Seifert writes adoption articles for “Montana Parent Magazine” and GlobalPost, an online national news site. “The Effects of Adoption on Kids” focuses on the benefits that adoption provides to children, even as they grow into adults.  She quotes studies that prove that adopted children perform better in school and social situations than their non-adopted peers, and often live just as well, if not better, than non-adopted children. Seifert says that the only obviously negative effect that adopted children receive is grief from the biological mother not wanting them and confusion with their identity.  If I hadn’t been adopted, I wouldn’t be where I am now.  I probably would have followed the same path my birth mom did and spent my life doused in drugs and bad relationships.  The way my birth mom was raising my sister and I was a horrible way for any child to spend his or her life.  And because none of my birth family could take both of us in, adoption became the only solution possible.  Thankfully, we were placed into a healthy, loving home. They had already raised two biological kids, so they understood children.  Our adoptive parents focused on our educations and life skills.  By the time I was 13, I knew how to cook, clean, raise children, and teach myself school.  Because of my adoptive background, I know how to take care of myself and how to succeed in this world.  However, not everything is perfect.  Despite all the benefits of adoption, many adoptees do suffer psychological problems throughout life, especially during their teen and adult years.

Even though adoption worked out well for my sister and I, there were still problematic experiences, and crises in my adolescent and teen years.  Even now, as an adult, I struggle with PTSD — post-traumatic stress disorder.  The smallest unexpected noise, someone coming up behind me, being grabbed for no reason, hearing or seeing people fight and argue… a lot of ordinary, everyday occurrences can throw me into a panic attack for no reason.  A good story to illustrate this happened two years ago.  I ran away from home because my adoptive parents and I were having family issues, mainly because I felt like I had no place in this world; I felt unwanted and undeserving of anyone’s love.  One night I decided to try to make it on my own and I left.  I was between Williams and Murphy when a cop pulled up and told me to come over to his car.  When I refused, he stepped out of the car, walked over to me, and grabbed my upper arm.  Immediately, I freaked out.  I don’t remember what exactly happened because I blacked out, but I woke up in jail with bruises everywhere and several felony assaults on officers of the law.  I may be perfectly fine one moment, but as soon as my PTSD is triggered, I black out and try to defend myself from what my mind thinks is a threat.  I believe that if my past prior to the adoption had been addressed by my adoptive family, I wouldn’t have bottled-up everything to the point of exploding.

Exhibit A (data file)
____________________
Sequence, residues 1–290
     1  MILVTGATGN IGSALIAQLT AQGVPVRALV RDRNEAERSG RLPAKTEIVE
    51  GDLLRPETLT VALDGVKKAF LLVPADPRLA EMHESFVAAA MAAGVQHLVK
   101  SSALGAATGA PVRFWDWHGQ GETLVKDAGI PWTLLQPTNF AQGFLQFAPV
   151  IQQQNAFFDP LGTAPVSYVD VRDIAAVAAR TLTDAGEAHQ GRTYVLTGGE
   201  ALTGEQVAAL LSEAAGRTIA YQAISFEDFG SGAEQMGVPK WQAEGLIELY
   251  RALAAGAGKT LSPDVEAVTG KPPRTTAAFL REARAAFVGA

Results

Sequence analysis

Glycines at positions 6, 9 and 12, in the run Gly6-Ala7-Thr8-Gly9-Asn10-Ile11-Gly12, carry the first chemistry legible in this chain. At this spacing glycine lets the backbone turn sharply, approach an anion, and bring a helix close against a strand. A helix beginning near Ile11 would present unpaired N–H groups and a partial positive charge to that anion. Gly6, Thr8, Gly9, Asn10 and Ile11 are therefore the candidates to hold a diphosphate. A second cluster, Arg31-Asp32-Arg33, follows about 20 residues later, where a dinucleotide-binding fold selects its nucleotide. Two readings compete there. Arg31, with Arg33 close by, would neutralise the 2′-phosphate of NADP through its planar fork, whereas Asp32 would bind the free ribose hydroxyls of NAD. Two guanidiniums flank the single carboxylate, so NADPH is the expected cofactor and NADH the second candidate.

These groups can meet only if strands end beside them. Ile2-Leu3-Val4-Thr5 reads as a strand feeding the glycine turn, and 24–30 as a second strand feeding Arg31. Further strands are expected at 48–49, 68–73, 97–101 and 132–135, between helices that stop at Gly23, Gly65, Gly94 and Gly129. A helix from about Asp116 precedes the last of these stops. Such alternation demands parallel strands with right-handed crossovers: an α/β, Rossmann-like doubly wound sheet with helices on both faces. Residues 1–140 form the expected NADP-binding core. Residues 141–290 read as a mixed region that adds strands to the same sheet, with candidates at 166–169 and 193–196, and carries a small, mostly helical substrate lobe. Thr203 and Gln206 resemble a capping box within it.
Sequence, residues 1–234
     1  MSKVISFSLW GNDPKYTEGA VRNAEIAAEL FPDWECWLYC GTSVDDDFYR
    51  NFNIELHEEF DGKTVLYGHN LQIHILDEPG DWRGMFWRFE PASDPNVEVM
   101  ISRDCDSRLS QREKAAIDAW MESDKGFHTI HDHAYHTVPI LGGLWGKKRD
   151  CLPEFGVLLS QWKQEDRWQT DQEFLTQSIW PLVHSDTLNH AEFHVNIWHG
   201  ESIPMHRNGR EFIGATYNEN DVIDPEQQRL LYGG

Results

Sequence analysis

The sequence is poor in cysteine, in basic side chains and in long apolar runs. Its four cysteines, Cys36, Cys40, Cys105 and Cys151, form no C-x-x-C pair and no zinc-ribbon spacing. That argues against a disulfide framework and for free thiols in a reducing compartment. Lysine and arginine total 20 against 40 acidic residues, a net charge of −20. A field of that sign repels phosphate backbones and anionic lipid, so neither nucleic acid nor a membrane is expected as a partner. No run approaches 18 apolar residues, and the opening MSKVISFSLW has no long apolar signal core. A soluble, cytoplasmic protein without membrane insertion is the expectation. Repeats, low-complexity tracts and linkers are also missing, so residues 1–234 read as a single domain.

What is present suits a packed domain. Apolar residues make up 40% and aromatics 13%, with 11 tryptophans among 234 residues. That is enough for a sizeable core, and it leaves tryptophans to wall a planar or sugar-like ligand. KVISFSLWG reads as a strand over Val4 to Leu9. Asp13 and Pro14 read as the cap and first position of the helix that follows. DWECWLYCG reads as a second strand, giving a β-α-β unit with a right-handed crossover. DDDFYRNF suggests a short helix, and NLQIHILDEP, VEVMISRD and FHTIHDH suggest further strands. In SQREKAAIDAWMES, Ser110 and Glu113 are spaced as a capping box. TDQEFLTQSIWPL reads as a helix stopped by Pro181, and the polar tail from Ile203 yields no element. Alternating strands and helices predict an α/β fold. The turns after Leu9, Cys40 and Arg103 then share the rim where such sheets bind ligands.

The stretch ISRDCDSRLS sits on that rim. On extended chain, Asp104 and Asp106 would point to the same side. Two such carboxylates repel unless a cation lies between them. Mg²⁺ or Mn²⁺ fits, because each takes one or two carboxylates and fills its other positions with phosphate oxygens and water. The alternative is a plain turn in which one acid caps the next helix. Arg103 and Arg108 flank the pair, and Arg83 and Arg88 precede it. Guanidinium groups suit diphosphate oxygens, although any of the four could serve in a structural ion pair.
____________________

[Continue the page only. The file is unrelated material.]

Lori Carangelo, president of Americans for Open Records, wrote an article on the negative side effects of adoptees for Adoption and the Opposing Viewpoints website.  She asserts that the loss of an adoptee’s birth mom, and therefore the adoptee’s identity, causes problems in the person’s psyche that may result in antisocial behaviors and emotional imbalances, such as pyromania, pathological lying or stealing, and extreme rebellion.  She quotes Dr. David Kirschner, who calls this disorder “Adopted Child Syndrome.”  Carangelo explains that the reason for this disorder is because the adoptee no longer has any secure connection to the world, so he or she perceives everyone in the world as someone who cannot be trusted.  She says, “Studies have shown that being adopted can affect many aspects of adoptees’ lives, from relationships to adoptive parents to bonds with their own children” (Carangelo).  Karl Stenske, an adoptee himself, has written a thesis and essays on adoptive trauma.  He wrote an article last year for “Adoption Voices,” a magazine that describes the consequences of taking an infant from his or her mother.  He talks about the two types of adoptees — rebellious and compliant.  The rebels may attempt to destroy their current family by running away or threatening their adoptive parents.  The obedient child may strive for perfection socially and academically or just hide away and try to be noticeable.  He points out a study performed in 2001, which showed the rate of attempted suicide among adopted and non-adopted teens.  7.6% of adopted teens had tried to kill themselves compared to 3 % of children who live with their biological family.  He ends his article by explaining the reason for this mental disarray, and uses the example of a young girl taken from her birth mother.  “She knows her mother, she knows her loss, sadness and hurt, she knows that those who hold her today may be gone tomorrow and that she will be the only one left to pick up the pieces that no one seems to think are broken” (Stenske).  He’s right.  Once that trust and security are gone, it’s extremely difficult to regain.  With all these problems that adoptees may face throughout their life, how can adoptive parents help them live happy, secure lives?